Applying for the seizure of marine fuel

By Henry Lee and Jessy Wang, Dacheng Law Offices
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The seizure of marine fuel, as one of the preservation measures for maritime claims specified in the PRC Maritime Litigation Special Procedure Law, is not as widely used as the seizure of vessels. In certain circumstances it can, however, help a maritime claimant to realize its claim. But a lack of specific provisions relating to the seizure of marine fuel in PRC law leads to much uncertainty in practice.

The need for fuel seizure

Henry Lee, Dacheng Law Offices
Henry Lee
Senior Partner
Dacheng Law Offices

The value of the seizure of marine fuel as a preservation measure can be illustrated in the following circumstances. A maritime claimant has the right to bring a maritime claim against a vessel time charterer. It is not possible for the claimant to apply for seizure of the vessel or cargo, which do not belong to the respondent. The claimant’s only recourse may be to apply for seizure of the marine fuel belonging to the charterer under the time charter party.

One advantage of opting for the seizure of marine fuel rather than seizure of a vessel is that the amounts that the courts require to be provided as security for the applications are different. When a PRC maritime court accepts an application for seizure of a vessel, it requires the claimant to provide a large amount as security, regardless of the amount of the claim involved. This amount is usually equivalent to 30 days’ hire of the seized vessel. When the amount of the claim is significantly less than this, the amount of security required may dissuade the claimant from taking action.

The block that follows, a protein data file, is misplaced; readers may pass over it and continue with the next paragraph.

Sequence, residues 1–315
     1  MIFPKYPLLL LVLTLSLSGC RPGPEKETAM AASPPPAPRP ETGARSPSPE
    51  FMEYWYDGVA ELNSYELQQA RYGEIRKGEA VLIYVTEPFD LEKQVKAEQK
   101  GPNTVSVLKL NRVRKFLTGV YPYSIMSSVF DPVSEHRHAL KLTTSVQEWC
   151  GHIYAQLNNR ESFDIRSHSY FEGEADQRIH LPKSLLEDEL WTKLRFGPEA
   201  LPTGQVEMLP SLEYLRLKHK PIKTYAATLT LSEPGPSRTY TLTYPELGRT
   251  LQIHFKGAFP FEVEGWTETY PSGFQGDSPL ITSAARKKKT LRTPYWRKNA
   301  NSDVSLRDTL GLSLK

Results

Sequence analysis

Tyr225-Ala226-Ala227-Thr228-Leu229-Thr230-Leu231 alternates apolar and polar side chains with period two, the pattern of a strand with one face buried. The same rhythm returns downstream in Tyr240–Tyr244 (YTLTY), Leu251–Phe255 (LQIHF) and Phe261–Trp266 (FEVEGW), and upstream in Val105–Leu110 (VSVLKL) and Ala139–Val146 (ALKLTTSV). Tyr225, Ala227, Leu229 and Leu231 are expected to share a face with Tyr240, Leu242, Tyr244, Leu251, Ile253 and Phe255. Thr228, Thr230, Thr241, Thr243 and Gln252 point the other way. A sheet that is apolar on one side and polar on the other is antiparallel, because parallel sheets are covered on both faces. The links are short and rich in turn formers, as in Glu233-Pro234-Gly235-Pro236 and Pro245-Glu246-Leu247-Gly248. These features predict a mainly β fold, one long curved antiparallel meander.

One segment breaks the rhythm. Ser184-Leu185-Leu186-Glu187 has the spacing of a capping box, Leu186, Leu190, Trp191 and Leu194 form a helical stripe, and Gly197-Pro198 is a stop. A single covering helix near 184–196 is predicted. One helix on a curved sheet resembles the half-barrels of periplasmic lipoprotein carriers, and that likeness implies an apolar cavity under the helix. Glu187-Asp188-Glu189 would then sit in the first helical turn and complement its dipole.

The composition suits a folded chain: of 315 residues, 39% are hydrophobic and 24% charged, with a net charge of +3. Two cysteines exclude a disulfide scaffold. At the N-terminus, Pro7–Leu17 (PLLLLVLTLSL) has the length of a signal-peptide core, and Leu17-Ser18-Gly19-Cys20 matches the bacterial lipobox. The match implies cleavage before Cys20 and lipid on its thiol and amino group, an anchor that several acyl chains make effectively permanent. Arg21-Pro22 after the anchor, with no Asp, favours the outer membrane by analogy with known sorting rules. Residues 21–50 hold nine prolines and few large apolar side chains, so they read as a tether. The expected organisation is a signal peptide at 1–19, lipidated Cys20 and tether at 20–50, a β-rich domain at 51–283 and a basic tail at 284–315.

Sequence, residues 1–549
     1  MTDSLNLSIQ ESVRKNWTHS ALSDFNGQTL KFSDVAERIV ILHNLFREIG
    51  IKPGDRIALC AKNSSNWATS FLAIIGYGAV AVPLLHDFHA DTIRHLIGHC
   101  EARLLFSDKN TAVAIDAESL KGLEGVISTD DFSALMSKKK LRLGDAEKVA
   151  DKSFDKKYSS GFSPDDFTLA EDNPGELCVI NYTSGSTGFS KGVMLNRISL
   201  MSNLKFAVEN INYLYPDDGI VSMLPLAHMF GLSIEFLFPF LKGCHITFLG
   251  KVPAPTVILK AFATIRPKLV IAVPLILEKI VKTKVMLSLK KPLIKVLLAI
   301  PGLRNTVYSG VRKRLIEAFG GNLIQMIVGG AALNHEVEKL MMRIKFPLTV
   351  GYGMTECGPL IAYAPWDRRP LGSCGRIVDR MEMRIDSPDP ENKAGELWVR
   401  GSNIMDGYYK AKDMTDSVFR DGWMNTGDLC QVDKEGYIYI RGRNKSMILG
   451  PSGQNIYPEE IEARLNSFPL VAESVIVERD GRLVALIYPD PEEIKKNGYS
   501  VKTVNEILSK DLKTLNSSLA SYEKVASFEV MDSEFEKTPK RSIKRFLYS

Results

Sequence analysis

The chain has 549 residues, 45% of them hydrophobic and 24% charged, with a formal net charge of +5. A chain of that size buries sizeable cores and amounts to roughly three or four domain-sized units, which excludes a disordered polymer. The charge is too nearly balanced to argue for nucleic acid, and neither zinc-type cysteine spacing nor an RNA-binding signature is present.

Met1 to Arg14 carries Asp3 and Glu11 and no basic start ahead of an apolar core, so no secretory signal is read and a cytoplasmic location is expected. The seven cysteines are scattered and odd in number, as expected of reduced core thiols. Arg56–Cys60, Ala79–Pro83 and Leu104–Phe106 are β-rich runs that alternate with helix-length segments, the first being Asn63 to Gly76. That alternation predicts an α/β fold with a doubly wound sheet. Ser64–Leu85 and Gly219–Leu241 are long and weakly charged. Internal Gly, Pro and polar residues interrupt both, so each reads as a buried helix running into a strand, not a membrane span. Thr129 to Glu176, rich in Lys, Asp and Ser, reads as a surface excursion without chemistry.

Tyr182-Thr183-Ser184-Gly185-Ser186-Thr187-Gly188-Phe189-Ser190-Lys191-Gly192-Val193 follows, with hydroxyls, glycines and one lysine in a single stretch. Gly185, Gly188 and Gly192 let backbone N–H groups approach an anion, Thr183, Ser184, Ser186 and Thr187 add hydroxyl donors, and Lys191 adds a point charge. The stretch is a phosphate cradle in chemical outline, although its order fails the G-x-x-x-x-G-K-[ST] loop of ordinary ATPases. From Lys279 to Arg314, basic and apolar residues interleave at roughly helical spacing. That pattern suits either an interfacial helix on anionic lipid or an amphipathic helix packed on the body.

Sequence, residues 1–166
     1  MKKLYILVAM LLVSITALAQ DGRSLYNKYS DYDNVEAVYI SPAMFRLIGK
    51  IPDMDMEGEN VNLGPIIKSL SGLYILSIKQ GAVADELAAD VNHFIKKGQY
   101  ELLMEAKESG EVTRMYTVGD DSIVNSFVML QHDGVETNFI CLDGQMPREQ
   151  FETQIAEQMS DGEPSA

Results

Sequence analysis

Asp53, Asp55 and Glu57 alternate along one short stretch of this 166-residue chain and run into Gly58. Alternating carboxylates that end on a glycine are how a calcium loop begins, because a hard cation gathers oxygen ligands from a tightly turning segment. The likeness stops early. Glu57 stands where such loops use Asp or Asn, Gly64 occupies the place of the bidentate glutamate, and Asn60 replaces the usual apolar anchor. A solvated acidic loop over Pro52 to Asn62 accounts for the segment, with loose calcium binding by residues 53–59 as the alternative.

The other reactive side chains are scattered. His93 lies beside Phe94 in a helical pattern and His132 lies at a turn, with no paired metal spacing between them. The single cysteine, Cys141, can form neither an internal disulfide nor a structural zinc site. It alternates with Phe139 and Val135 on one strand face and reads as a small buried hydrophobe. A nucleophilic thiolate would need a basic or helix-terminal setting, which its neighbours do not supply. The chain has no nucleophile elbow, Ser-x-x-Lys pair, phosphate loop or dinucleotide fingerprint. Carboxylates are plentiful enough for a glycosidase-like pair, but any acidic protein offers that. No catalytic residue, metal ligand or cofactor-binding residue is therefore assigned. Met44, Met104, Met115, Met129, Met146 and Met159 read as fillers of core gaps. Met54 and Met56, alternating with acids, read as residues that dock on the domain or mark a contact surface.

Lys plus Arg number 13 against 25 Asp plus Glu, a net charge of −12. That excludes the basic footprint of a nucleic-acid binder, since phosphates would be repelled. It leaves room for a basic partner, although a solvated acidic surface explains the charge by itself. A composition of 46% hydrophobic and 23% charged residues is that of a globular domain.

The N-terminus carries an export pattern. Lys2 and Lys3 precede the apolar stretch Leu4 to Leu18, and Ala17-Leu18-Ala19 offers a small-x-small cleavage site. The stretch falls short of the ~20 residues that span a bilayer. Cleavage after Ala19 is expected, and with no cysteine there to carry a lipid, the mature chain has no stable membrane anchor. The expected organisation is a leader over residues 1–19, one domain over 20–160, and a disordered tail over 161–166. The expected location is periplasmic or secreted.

In contrast, if the claimant opts for seizure of marine fuel belonging to the respondent, the court will not generally require such a large amount as security.

Thus it can be seen that there is a genuine need to be able to seize marine fuel as a preservation measure. However current PRC law in this area remains deficient.

Relevant provisions

Jessy Wang, Dacheng Law Offices
Jessy Wang
Lawyer
Dacheng Law Offices

Article 50 of the Maritime Litigation Special Procedure Law specifies that “this section shall govern the application by maritime claimants for maritime claim preservation in respect of marine fuel and marine supplies relating to their maritime claims”. In other words, the provisions of that law on the seizure and auctioning of cargo apply to fuel.

Article 38 of the Supreme People’s Court Several Issues Concerning the Application of the PRC Maritime Litigation Special Procedure Law Interpretations specifies that “when a maritime claimant applies for seizure of marine fuel or supplies, the provisions of section 1 of chapter 3 of the Maritime Litigation Special Procedure Law may be applied, in addition to article 50” of that law. In other words, the general provisions of the Maritime Litigation Special Procedure Law on maritime claim preservation shall apply.

Application for seizure

First, an application for the seizure of marine fuel should be made to the maritime court of the place where the fuel is located. As marine fuel is usually loaded and stored with the vessel, this is usually the place where the vessel is berthed. In practice, this point is seldom in dispute.